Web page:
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Hong Kong’s 2016 spirit trends

A lively mix of sipping rums, Cognac and ‘shrub’ cocktails are all set to make waves this year as Hong Kong’s drinkers battle with a cold start to 2016 and anticipate the return of a typically humid summer.

The well-stocked spirits bar at Maholo

Max Traverse, the creative brains behind Mahalo, Wan Chai’s Tiki bar and lounge and Honi Honi, the Polynesian getaway in Central, recaps the most popular spirits of 2015 and speaks to the drinks business HK about how 2016 will look in spirits trends.

“2015 was an interesting year for cocktails,” said Traverse. “In the beginning of the year, we saw a huge uptick in rum and gin drinks which carried through early winter. Vodka made a comeback as the spirit of choice toward the end of the year, when people looked toward classic drinks such as the Moscow Mule and the Vodka Gimlet.”

Traverse predicts that 2016 will see the return of simple, traditional spirits such as Cognac and brandy regaining popularity – especially as Hong Kong is experiencing an unseasonably chilly start to the year so far. “Calvados, an apple brandy made in Normandy, has been the recent drink of choice for beverage aficianados and we are starting to see it catch on with our regular guests,”  he said. “It’s a dark spirit, the flavours of apple and pear are balanced with butterscotch, nut, and chocolate, making it sweet and simple enough to drink on its own. People really enjoy it during the cooler winter months.”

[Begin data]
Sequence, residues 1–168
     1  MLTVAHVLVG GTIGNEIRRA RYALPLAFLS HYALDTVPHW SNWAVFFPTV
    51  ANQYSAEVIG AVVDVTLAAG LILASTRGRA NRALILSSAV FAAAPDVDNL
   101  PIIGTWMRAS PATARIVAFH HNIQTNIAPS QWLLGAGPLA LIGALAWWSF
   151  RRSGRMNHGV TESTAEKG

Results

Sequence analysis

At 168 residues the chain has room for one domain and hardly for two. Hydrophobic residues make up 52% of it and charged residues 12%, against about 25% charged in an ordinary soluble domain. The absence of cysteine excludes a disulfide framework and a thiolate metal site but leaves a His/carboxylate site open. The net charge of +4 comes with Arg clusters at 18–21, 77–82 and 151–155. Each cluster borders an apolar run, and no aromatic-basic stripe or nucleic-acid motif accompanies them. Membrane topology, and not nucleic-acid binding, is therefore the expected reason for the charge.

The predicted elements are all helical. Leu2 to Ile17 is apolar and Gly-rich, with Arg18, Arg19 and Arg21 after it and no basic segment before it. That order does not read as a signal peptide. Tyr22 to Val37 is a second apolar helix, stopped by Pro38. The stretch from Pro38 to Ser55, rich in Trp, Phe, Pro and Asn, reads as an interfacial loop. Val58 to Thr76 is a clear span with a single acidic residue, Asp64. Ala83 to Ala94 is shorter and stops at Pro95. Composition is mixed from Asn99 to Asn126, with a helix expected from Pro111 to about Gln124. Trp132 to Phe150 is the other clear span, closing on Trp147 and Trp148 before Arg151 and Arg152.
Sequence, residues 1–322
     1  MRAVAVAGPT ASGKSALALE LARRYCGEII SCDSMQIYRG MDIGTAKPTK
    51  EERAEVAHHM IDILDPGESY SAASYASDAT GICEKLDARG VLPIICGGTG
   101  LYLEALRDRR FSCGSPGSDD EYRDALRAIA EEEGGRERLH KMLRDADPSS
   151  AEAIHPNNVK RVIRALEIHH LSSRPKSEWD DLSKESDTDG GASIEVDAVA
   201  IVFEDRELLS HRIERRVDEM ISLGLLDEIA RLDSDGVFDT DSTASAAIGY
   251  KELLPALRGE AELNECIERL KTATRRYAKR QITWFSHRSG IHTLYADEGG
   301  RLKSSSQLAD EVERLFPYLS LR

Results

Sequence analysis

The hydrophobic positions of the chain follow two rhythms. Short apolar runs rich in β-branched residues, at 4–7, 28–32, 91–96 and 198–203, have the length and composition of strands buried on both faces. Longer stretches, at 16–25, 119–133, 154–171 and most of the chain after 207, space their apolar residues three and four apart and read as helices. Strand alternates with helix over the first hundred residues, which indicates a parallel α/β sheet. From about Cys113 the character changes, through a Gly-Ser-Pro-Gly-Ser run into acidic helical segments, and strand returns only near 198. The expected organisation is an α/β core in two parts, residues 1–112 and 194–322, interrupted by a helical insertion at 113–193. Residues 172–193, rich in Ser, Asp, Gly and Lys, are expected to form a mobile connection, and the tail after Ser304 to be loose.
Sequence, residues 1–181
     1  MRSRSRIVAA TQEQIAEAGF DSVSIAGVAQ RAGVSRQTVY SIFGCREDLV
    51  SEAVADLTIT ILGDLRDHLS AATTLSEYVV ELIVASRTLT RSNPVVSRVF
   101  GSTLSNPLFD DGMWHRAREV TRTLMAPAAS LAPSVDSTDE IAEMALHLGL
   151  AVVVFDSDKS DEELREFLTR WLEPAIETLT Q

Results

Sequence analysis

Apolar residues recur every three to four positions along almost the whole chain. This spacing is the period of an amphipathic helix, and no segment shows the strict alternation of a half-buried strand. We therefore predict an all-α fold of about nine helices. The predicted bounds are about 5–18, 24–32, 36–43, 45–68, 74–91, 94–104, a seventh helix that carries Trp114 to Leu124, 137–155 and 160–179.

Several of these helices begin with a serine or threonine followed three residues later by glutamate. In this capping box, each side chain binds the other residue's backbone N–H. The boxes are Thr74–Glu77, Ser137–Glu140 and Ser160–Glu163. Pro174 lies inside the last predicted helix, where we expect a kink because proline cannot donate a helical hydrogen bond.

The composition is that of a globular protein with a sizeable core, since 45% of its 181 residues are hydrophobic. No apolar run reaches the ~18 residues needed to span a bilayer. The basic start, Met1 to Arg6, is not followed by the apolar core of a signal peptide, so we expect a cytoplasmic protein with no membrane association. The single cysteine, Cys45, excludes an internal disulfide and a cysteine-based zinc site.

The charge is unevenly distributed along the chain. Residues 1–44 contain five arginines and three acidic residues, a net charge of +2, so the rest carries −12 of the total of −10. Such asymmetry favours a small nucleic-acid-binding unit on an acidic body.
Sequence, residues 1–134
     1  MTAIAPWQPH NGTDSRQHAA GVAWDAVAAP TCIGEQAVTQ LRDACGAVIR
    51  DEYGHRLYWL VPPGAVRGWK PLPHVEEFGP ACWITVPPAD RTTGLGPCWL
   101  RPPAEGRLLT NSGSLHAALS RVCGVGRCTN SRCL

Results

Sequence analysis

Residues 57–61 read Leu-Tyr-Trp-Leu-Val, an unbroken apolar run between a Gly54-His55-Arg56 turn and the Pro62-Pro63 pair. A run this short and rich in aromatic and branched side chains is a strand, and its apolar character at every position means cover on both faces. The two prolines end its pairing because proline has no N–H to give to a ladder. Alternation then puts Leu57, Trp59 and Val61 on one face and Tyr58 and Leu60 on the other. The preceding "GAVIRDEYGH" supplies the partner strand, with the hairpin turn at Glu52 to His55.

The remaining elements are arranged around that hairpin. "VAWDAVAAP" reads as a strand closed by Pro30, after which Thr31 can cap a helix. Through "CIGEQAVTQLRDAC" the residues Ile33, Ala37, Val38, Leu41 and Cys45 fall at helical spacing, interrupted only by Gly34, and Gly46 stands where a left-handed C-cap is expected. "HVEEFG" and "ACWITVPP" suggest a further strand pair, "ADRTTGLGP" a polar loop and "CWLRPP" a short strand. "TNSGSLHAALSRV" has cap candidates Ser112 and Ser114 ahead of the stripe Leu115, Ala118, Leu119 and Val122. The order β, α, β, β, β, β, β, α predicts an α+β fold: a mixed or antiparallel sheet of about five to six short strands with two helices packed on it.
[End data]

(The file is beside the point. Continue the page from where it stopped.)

Max Traverse, behind Hong Kong’s Maholo and Honi Honi exotic cocktail bars

Hong Kong’s annual Rum Fest on 27-28 May, just after Vinexpo, will predictably see a resurgence in popularity for rum-based cocktails. “After our annual Rum Fest in May, people are always looking for different ways to consume the spirit. This year, I think people’s familiarity with the spirit will ignite a rise in sipping rums. At Mahalo, we make an infused version by adding fruits and spices to Clément Rhum, making it perfect to drink slowly.”

As Hong Kong’s hot and humid summer approaches, Traverse also expects a renewed interest in ‘shrubs’, a cocktail also known as drinking vinegar which first became popular in the 17th and 18th centuries and is a sweetened vinegar-based syrup typically mixed with spirits, fruit juice, herbs and spices. Shrub is a derivative of the word “shurb” which itself originates from the Arabic word sharāb meaning “to drink”.

“There is a reason why shrubs have been around for so long,” said Traverse. “They are the perfect refreshing beverage for a warm and muggy day.”


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